• Some false clichés or not ...

    United States is probably the country with the most stereotypes, and after living here nearly five months I can say that they are almost all proved to be true!


    First, the dinner time is very different from the one in France, because you must have eaten before 7:30. For those who finish late classes, they can always go buy their sandwich in one of the cafes on campus.

    Some false clichés or not ...


    But it is still very unusual for us, French, to eat that early! Therefore we don’t eat snacks at 5 anymore, but go straight to dinner at 6.


    Also, I'm trying to break the American clichés and therefore trying to say that yes, you can eat well, healthy, and varied in the US, unfortunately, this stereotype is what is the truest here.

    Some false clichés or not ...


    The quantities of food are really big and sometimes the staff serve you, so you cannot choose the quantity that you think you will eat... And concerning the sodas, they are everywhere and unlimited!


    At the university’s cafeteria, we were fortunate to have many choices between the "grill" bar, "salad", "entrees" (main course), "pizza and pasta", "deli" ... The menu is usually quite various, but it is still surprising to see the American students eat only hamburgers every day! That is how you really realize that France is the country of gastronomy and we're not used to eat as fat!

    Some false clichés or not ...


    Some false clichés or not ...


    This "culture" of fast food is also transmitted through the time they take to eat in the cafeteria. Even then, they cannot take the time to eat slowly. They do not know the pleasure of going to a coffee and sit for more than an hour talking with friends. Even the drinks are all to go! Moreover, most of the small cafes, do not sometimes have tables (or just one or two), or even restrooms for guests, who are supposed to take their coffee and biscuit away!

    Ice water is also served at any time of the year in restaurants, it's pretty impressive to see ice in his glass in the middle of the winter! Also, the culture of tipping is fundamental. The waiters doesn’t have a fixed salary and earn money through customer tips that has to be at least 20%! And a tip of 20% is already included for groups of more than 5 persons.

    In supermarkets, prices are always displayed tax-free, which is very disturbing at the beginning! Another different thing from what we have in France is that here, there is always a person to put your bought products in the bags! The price of the cheese and sausage is impressive, so we must wait for the return in France to enjoy it again. There is also very little Nutella in stores, which we are used to eat in France, but they have the Peanut Butter in large quantities! About the products in general, they are all in very large portions! Whether the crisp packets, cookies or other food, everything is several times bigger than that find in France! Finally, the most stressful thing for a foreigner is that we can pay with a credit card without entering the code, only with the signature!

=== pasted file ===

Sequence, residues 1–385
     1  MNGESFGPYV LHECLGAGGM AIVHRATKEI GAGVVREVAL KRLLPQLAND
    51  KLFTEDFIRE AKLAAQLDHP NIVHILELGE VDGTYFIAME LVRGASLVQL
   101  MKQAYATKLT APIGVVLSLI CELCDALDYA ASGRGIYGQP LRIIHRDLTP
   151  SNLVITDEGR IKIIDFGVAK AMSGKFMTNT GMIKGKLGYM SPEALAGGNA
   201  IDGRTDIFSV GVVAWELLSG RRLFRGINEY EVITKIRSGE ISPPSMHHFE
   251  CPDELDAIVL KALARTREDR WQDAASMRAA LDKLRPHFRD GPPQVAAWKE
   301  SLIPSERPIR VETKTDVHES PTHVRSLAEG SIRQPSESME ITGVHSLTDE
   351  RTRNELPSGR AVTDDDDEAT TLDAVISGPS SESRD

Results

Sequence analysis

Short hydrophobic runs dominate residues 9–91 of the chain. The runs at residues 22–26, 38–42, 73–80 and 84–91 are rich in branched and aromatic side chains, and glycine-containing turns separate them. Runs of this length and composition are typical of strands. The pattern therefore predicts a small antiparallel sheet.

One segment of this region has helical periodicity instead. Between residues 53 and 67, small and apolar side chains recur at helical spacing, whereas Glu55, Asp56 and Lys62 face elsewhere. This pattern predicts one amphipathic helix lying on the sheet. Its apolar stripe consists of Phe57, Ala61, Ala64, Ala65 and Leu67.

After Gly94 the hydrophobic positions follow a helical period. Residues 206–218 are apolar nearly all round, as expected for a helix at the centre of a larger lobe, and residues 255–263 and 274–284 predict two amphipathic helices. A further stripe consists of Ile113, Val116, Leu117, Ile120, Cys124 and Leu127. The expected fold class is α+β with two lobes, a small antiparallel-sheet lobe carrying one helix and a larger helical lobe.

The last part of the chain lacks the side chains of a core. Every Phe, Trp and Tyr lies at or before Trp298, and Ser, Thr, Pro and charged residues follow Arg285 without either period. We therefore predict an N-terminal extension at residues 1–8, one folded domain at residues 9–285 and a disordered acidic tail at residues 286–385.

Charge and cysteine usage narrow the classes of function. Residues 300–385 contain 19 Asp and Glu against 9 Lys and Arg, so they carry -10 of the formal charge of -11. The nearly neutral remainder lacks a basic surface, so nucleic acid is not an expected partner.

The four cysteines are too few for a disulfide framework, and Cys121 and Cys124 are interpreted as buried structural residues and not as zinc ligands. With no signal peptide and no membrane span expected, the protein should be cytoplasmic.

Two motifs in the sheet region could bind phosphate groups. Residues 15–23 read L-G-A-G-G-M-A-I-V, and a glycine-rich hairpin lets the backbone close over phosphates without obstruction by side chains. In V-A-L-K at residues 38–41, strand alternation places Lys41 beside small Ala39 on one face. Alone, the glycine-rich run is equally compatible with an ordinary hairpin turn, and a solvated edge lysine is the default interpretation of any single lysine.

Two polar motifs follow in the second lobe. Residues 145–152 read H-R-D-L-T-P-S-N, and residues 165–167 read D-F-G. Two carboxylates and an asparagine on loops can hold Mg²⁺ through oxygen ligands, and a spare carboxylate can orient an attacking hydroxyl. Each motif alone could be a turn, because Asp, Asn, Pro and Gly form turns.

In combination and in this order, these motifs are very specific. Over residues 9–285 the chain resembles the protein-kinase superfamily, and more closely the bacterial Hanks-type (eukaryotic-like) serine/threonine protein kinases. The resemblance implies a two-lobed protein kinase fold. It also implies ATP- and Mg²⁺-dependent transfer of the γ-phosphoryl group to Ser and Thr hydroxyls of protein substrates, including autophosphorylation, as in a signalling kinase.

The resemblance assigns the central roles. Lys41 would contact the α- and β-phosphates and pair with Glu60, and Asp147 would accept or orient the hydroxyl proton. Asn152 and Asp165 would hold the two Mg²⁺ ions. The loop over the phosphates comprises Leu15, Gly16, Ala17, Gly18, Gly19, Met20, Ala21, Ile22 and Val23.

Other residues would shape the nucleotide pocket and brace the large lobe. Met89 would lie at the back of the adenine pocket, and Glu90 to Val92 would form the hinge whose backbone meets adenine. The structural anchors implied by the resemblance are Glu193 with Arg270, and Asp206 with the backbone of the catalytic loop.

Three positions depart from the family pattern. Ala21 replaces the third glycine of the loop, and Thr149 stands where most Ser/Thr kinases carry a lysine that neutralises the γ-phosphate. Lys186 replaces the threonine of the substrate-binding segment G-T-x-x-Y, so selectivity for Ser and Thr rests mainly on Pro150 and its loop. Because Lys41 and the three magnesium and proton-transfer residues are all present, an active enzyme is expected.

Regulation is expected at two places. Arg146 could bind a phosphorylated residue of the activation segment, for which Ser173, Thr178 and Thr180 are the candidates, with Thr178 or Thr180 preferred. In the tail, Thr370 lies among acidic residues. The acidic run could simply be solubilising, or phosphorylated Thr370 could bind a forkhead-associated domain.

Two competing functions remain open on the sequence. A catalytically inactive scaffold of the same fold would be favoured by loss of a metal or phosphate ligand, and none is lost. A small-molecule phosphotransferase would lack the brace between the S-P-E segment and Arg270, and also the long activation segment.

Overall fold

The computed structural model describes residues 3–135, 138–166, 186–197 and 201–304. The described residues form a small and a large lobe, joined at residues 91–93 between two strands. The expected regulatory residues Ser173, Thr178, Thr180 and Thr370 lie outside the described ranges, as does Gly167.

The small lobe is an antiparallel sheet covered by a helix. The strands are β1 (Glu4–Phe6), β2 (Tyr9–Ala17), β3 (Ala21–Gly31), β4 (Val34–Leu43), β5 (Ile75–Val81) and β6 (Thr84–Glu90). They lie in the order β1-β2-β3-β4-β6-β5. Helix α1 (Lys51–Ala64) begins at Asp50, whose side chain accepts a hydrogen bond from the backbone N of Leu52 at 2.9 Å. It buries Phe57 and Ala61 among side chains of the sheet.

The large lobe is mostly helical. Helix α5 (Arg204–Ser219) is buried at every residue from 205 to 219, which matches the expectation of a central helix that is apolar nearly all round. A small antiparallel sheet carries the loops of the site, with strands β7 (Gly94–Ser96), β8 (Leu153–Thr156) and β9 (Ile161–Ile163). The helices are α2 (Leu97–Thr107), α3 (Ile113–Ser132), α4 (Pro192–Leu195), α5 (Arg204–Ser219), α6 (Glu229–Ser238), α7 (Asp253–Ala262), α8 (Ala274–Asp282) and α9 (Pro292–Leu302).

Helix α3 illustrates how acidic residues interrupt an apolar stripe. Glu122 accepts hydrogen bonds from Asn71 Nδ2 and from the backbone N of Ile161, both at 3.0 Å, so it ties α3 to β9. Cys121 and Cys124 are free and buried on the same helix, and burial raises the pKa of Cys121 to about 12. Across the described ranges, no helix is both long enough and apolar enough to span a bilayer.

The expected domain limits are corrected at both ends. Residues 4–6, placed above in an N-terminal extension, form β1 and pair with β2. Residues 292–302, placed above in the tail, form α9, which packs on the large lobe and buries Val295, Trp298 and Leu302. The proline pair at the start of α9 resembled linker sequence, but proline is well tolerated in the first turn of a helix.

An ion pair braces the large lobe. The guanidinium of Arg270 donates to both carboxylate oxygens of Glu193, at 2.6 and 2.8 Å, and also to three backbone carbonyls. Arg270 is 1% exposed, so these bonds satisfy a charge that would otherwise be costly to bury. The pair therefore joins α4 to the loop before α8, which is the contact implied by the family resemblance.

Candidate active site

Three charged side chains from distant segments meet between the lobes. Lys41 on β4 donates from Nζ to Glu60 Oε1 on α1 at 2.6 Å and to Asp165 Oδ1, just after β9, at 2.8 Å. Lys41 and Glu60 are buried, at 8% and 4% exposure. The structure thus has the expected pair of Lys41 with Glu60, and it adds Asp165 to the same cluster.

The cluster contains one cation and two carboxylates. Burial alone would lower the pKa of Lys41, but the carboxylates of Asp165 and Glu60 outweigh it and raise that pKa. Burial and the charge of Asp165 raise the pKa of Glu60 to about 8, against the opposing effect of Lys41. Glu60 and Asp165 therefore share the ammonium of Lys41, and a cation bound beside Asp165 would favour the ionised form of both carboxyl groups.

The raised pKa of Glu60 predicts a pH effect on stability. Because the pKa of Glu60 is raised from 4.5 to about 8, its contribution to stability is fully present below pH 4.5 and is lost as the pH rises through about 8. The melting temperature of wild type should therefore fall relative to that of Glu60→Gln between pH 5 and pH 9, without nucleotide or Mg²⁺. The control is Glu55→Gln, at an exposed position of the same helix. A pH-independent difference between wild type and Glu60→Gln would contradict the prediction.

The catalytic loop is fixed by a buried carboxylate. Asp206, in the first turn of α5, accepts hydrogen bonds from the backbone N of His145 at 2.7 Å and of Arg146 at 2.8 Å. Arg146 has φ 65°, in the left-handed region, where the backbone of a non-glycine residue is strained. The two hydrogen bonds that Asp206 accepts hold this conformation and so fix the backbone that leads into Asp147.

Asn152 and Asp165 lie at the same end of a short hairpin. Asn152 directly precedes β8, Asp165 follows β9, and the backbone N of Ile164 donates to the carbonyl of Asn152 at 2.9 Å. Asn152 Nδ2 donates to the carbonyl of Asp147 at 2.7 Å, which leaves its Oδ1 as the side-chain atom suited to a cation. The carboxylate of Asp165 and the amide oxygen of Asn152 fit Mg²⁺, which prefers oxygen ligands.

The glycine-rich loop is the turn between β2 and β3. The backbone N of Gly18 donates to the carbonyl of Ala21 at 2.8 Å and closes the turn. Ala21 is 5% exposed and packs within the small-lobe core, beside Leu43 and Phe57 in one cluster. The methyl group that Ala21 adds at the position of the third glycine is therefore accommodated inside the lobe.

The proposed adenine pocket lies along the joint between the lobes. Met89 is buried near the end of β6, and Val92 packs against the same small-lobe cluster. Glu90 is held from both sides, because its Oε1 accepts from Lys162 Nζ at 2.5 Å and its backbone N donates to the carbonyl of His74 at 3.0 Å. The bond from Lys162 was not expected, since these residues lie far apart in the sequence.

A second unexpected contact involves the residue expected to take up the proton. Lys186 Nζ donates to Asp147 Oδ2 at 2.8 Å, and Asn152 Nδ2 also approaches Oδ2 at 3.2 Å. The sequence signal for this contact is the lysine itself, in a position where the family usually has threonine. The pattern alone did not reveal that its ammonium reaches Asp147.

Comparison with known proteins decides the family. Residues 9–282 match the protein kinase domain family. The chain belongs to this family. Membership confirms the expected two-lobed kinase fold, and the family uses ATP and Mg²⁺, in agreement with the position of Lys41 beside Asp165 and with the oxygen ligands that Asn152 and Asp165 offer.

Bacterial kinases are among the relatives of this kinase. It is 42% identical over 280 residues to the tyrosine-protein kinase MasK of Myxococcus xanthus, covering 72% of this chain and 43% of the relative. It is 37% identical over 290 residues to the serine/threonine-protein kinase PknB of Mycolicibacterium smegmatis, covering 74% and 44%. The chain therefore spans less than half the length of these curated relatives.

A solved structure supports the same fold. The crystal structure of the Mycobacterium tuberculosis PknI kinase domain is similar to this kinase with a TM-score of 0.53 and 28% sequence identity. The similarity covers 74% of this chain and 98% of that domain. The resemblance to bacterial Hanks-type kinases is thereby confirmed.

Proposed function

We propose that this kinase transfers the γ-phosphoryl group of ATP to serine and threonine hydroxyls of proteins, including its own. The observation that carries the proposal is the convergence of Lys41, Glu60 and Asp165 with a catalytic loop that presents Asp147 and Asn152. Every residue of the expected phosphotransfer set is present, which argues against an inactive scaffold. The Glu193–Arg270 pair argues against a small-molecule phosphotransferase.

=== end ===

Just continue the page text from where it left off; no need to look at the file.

Here you can also buy food in a pharmacy, (CVS pharmacy)! Yes, there is no “pure” pharmacy as we have in France, so you can buy there anything and everything! To make a vaccine, you can also do it in the pharmacy and the staff is qualified enough to do it.

    I had the opportunity to do an internship at the Office of International Programs of the university, which helped me to learn a little more about Americans and their way of seeing the world. My main mission was to promote the study abroad programs for a year, a semester, or just the summer. It was a real challenge for me, since for many Americans, it just seemed impossible to go abroad! Europe is an unknown land for them, they are afraid to leave US and do not understand why they should try! This mindset is also transmitted in the way to meet with foreigners. I found that American students were often not very curious and open to other cultures. They stayed between Americans only and didn’t really talk to international students and try to discover their country, which is sad for their open-mindedness, although there are exceptions of course!

    But the American positive attitude is also very surprising and contagious! They are very friendly people and always cheerful. In stores, we are always greeted with a "Hello! How’s it going?

    The other American aspect, much worse for us is the health cost. Indeed, it is essential here to have a good insurance to "survive" the exorbitant prices of doctors! A simple visit to the doctor costs more than $ 100!

    Now about everyday’s life, I also noticed several surprising differences with Europe. The way to count the floors is different: the first floor in the US corresponds to our main floor (RDC). The faucets are turning in the opposite direction compared to France. This is quite disturbing at the beginning, but you soon get used to it.

    The flow of cars and pedestrians is also different ... For example, cars can sometimes turn right when the light is red. Cross the road as a pedestrian is not always easy, you must first press the button and wait a moment for the little white guy comes on and then go. And then a stressful countdown shows the time, sometimes only seconds to cross large avenues – and you also have to be careful with cars that can turn right even if the light is red, so green (well, white) for pedestrians.


    Well, I think I described everything about American culture and habits which confirmed well mostly all the clichés we have about them.

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